Michael Burton, Director of the Armagh Observatory and Planaterium

Monday January 21, 2019 – the last chance to watch a total eclipse of the Moon from Armagh for over a decade. Should we hold a special viewing session to give people the chance of seeing this celestial wonder?! Easy question, not such an easy answer when the eclipse starts at 4:30am. Would anyone really get out of bed and come to the Observatory at such an hour, in the depths of winter?!

A question Armagh astronomer Tolis Christou and I had wrestled with since the great eclipse of July 27, 2018. Then we organised a special session using Armagh’s famous Grubb 10-inch. That one was mid-summer, and the eclipse was at sunset, a very comfortable time for viewing. Quite pleasant to stroll around outside, even if the weather didn’t cooperate.

Outside the Grubb Telescope waiting patiently for the clouds to part! Credit: Armagh Observatory and Planetarium

But winter mornings are a very different matter, would anyone actually come?! So it was only two weeks beforehand that we finally decided to hold an event and find out. The dull, blood-red Moon seen during a total lunar eclipse really is a remarkable celestial sight. We just had to give people the chance to experience it, especially given that it would be many years before they could hope to do so again in Armagh.

A chance to connect with nature and the celestial clockwork of the cosmos, the kind of experience that is increasingly hard to find in modern, urbanised society. And a chance to see the Moon through the heritage Grubb telescope, used by Armagh’s 4th Director, John Dreyer, to compile the famous New General Catalogue (the NGC) in 1888. A catalogue still used by astronomers the world over to find their favourite objects to study in the sky.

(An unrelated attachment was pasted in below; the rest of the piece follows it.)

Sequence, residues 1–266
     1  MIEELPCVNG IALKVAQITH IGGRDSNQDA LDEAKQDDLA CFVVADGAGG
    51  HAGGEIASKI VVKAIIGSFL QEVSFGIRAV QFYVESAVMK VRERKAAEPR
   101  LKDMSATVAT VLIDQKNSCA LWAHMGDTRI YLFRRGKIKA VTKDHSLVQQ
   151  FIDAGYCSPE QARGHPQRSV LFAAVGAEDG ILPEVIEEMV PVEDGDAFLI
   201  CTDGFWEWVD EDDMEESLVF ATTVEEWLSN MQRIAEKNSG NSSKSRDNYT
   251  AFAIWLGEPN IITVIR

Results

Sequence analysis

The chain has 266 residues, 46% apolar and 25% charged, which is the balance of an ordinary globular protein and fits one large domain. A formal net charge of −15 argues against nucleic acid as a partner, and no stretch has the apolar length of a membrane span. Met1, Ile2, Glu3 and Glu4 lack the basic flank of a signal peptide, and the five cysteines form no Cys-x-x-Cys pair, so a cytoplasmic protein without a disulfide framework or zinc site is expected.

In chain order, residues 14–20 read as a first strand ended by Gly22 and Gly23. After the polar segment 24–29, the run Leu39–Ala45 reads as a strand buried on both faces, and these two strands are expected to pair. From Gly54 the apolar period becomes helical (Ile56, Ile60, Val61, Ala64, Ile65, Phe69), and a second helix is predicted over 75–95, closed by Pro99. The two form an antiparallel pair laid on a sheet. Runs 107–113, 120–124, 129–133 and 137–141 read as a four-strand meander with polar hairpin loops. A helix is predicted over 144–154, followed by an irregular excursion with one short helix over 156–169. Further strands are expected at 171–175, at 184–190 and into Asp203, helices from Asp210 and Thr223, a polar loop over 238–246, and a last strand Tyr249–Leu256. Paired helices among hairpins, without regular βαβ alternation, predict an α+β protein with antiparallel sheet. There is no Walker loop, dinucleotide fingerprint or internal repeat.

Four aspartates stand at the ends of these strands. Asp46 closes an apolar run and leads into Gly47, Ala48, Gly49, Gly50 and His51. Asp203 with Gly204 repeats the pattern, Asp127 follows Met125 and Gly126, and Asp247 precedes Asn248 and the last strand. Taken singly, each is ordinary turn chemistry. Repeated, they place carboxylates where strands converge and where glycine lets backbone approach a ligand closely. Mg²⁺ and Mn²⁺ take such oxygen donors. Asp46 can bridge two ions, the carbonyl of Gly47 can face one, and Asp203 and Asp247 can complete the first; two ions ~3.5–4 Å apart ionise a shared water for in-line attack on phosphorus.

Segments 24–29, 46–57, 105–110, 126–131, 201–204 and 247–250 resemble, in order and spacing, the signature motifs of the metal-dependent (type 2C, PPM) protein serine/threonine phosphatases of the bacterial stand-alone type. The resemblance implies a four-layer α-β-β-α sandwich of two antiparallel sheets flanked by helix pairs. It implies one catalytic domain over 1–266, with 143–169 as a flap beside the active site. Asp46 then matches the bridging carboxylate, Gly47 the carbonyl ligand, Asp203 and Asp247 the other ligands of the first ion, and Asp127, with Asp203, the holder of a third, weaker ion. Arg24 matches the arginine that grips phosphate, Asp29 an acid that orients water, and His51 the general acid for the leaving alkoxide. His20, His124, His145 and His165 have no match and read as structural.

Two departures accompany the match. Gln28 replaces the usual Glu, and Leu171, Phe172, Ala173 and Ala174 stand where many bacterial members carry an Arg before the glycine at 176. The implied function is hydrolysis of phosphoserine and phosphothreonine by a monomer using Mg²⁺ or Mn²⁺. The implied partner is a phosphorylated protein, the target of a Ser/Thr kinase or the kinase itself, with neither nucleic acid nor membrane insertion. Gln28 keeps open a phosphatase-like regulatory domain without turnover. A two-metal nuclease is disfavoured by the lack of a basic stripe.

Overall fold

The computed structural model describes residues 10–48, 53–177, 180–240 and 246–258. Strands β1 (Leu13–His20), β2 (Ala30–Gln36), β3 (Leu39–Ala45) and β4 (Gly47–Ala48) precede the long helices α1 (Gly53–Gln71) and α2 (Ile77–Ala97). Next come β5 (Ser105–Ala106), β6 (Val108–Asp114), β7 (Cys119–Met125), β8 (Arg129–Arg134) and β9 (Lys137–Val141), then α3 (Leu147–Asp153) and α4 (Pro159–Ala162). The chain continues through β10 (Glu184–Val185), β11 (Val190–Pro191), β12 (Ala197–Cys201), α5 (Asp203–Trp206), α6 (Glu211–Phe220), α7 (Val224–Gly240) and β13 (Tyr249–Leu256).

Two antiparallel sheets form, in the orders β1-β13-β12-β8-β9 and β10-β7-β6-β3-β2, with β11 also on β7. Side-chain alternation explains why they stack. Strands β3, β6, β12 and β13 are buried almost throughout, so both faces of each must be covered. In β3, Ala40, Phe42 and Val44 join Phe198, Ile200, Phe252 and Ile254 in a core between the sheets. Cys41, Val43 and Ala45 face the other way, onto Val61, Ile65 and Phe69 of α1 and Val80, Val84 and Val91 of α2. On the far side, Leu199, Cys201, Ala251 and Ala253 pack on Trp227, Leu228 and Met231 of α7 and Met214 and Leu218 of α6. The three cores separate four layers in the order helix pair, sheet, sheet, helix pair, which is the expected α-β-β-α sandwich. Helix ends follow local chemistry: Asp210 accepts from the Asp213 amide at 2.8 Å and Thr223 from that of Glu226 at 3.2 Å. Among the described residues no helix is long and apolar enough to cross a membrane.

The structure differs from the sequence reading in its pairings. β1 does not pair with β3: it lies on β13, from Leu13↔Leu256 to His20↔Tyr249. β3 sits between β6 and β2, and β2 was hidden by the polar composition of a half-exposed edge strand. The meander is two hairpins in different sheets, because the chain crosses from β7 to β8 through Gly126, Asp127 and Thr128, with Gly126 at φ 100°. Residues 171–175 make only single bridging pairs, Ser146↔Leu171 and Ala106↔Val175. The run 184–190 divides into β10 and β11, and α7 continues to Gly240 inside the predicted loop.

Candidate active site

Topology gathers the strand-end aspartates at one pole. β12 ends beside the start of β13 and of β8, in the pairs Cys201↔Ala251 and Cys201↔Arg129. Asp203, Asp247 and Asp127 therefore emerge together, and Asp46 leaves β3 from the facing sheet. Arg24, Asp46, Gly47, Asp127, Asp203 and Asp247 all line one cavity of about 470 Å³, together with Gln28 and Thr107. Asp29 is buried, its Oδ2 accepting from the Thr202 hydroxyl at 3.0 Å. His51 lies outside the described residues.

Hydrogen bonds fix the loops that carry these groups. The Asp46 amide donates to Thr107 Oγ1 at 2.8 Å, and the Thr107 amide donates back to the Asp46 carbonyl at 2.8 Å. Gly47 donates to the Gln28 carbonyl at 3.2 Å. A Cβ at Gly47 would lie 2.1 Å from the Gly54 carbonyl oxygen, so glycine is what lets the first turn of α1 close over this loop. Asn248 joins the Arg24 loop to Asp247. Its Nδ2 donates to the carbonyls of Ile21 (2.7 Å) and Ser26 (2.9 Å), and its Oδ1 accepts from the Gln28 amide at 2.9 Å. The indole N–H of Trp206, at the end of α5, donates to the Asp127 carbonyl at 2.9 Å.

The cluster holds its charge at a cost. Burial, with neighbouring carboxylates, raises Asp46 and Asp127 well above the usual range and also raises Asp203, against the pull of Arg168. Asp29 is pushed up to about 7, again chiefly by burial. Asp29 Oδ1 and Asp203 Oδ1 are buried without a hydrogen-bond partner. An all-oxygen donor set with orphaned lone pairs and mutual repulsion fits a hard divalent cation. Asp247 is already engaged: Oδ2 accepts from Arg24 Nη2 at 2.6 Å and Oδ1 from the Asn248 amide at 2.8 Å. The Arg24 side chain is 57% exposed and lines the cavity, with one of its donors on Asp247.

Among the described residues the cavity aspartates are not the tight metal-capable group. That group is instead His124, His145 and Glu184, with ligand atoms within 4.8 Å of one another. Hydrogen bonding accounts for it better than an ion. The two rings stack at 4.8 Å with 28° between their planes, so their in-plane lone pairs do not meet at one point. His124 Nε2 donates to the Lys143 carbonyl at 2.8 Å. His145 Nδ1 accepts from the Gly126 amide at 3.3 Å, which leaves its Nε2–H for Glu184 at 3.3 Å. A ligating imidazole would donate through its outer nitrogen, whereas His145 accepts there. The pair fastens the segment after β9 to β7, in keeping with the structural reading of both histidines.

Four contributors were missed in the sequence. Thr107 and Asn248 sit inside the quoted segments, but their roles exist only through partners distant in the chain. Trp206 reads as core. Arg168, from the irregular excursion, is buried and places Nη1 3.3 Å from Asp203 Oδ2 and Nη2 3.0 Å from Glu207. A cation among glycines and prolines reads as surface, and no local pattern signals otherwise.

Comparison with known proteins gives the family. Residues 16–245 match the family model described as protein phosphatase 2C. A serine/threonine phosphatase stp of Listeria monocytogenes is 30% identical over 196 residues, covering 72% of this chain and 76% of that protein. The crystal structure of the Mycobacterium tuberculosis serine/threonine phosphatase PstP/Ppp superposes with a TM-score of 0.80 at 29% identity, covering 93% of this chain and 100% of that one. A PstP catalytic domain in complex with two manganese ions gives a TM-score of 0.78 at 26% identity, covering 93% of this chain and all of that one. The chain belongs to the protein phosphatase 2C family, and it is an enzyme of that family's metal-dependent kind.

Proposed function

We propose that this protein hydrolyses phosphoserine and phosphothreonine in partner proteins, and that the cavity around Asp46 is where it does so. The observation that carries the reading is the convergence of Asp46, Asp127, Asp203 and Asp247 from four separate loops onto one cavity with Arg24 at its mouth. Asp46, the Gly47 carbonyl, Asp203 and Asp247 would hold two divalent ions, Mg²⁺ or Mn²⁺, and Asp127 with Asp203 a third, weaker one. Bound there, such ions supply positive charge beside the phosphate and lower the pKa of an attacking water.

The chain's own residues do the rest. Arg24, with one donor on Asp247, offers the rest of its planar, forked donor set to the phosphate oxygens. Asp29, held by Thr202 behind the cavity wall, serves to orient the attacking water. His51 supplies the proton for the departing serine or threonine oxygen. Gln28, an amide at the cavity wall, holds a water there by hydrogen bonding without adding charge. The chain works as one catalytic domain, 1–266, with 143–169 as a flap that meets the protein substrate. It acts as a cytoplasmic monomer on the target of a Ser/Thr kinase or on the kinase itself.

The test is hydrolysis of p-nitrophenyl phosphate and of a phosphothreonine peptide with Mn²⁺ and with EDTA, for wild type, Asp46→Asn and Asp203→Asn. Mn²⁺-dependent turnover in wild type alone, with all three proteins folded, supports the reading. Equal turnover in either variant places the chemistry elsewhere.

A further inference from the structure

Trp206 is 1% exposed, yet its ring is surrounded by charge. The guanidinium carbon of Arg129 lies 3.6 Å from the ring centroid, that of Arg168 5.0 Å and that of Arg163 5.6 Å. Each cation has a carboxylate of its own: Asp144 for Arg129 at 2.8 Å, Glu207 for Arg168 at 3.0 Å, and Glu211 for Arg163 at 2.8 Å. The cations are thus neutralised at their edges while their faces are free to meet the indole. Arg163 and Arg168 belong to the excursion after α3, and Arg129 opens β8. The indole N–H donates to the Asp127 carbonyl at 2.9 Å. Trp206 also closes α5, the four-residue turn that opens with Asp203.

We did have one ace up our sleeve. We now have online ticketing for booking Planetarium shows. We could use this tool to find out quickly if any one would be interested, and so cancel if none were. Conversely, we could restrict numbers to a manageable size if it so happened that the event would prove to be popular.

So Planetarium manager Sinead Mackle set up an online booking form and sent out a Facebook post. And lo and behold, people started booking straight away! We quickly reached capacity. So we knew we had an event, we now had to make it work! Ireland is not, alas, blessed with many clear nights, so we needed back-up plans. Our event of last July was completely clouded out, but we a had host of other activities on stand-by to turn to. We needed to do similar.

It is also possible to view the eclipse live, elsewhere on the globe, as many web cameras are set up by professionals and enthusiasts alike. So, while we gave our talks, a display screen also showed the eclipse in progress, and up close, at some other locale. The ethereal nature of the blood red Moon during eclipse was readily apparent to us, even if the camera being used was a few thousand kilometres away. We knew it was happening outside too, if only the clouds weren’t there!

The Moon looking spectacular through the trees in the early evening! (Almost looks like a scene from a horror film!) Credit: Boris Nedelchev, Armagh Observatory & Planetarium